(Reuters) - South Carolina can host championship-level college sports events after the Confederate battle flag was removed from the grounds of the state capitol on Friday, National Collegiate Athletic Association President Mark Emmert said.
The state had been barred from hosting NCAA pre-determined post-season competitions while the flag flew at the State House grounds in Columbia.
Calling the flag a "symbol of racism," Emmert said the removal of the banner "now means that South Carolina can bid to host future NCAA championships."
The flag came down about three weeks after the fatal shooting of nine black worshippers by a white gunman during a Bible study session at a black church in Charleston.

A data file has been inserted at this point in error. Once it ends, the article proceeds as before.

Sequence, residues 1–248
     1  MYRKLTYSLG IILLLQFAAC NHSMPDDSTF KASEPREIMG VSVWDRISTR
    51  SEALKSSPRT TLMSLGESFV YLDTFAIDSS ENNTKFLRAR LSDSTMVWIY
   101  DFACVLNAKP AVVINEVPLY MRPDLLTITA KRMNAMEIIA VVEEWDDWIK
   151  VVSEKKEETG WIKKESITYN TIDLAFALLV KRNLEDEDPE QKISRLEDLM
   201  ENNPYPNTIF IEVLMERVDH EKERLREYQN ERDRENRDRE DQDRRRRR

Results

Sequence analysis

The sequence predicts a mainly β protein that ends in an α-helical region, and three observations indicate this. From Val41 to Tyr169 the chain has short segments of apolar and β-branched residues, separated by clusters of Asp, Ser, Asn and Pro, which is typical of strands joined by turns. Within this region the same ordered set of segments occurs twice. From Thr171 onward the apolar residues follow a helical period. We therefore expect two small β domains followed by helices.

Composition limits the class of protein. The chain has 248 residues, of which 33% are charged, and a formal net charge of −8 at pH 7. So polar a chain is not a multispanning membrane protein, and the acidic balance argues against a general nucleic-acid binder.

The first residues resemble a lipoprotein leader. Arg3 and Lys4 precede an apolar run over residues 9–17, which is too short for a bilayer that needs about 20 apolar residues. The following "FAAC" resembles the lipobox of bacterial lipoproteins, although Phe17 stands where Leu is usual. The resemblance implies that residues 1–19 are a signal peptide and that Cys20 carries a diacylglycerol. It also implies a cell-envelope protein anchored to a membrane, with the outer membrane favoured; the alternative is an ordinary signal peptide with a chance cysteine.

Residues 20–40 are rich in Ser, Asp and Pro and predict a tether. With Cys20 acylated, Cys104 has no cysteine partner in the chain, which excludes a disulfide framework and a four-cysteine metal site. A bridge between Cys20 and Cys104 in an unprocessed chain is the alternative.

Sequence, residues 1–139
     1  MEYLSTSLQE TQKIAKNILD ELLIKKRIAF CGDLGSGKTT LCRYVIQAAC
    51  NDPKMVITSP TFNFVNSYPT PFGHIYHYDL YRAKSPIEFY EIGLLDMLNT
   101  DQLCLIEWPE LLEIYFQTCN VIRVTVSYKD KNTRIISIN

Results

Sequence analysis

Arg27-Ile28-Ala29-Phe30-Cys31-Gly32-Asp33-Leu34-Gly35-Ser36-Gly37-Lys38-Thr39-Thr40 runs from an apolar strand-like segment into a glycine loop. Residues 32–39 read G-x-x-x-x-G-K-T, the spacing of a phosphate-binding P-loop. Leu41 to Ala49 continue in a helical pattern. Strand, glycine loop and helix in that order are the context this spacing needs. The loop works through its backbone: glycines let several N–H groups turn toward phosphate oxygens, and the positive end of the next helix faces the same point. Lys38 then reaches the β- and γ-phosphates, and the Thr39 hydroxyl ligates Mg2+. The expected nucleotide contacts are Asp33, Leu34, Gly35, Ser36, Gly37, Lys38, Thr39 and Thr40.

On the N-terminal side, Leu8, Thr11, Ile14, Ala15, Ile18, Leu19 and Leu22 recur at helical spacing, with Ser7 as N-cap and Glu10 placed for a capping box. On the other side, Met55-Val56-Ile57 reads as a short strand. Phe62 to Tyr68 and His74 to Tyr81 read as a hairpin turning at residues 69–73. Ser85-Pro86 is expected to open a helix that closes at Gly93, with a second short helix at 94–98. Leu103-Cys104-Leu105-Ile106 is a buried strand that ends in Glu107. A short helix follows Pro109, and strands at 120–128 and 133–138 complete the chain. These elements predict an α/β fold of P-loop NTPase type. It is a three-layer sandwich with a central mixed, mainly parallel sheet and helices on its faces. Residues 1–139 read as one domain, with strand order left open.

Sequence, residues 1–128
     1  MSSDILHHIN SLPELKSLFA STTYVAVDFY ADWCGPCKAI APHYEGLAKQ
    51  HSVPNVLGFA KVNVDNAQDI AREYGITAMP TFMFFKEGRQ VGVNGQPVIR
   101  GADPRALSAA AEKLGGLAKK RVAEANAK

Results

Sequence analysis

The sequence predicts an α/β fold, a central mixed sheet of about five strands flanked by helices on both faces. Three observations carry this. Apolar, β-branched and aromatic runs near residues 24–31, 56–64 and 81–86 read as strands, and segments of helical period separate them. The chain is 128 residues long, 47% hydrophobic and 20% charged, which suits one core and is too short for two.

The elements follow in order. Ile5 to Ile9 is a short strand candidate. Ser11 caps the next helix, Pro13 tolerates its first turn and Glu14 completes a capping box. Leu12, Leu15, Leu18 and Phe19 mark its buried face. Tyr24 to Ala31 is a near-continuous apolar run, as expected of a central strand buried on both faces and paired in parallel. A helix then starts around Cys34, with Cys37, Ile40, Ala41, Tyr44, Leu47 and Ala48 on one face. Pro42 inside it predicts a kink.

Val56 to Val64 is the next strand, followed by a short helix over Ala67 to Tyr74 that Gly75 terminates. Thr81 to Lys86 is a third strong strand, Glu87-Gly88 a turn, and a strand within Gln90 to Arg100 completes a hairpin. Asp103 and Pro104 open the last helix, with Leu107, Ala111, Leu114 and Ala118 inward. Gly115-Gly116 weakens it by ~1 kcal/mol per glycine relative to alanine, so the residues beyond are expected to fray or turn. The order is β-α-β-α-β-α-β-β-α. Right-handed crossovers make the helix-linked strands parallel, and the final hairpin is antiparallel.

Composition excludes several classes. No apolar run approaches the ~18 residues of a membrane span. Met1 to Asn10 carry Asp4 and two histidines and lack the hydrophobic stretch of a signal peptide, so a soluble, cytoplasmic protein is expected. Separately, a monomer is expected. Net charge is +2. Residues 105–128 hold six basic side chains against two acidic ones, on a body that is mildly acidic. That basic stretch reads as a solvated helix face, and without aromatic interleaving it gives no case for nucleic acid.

"The NCAA strongly supports today’s removal of the Confederate flag from the South Carolina State House grounds," Emmert said in a statement. "This step sends an important message of respect for and dignity of every person."
Since 2001, the NCAA has prohibited playing pre-selected championships in states where the flag is flown prominently. Some view the banner as a symbol of slavery, while others consider it an emblem of Southern heritage.
The flag, raised on the State House grounds more than a half-century ago, was removed shortly after 10 a.m. EDT in a brief ceremony before several thousand people.
Reporting by Steve Ginsburg in Washington; Editing by Lisa Von Ahn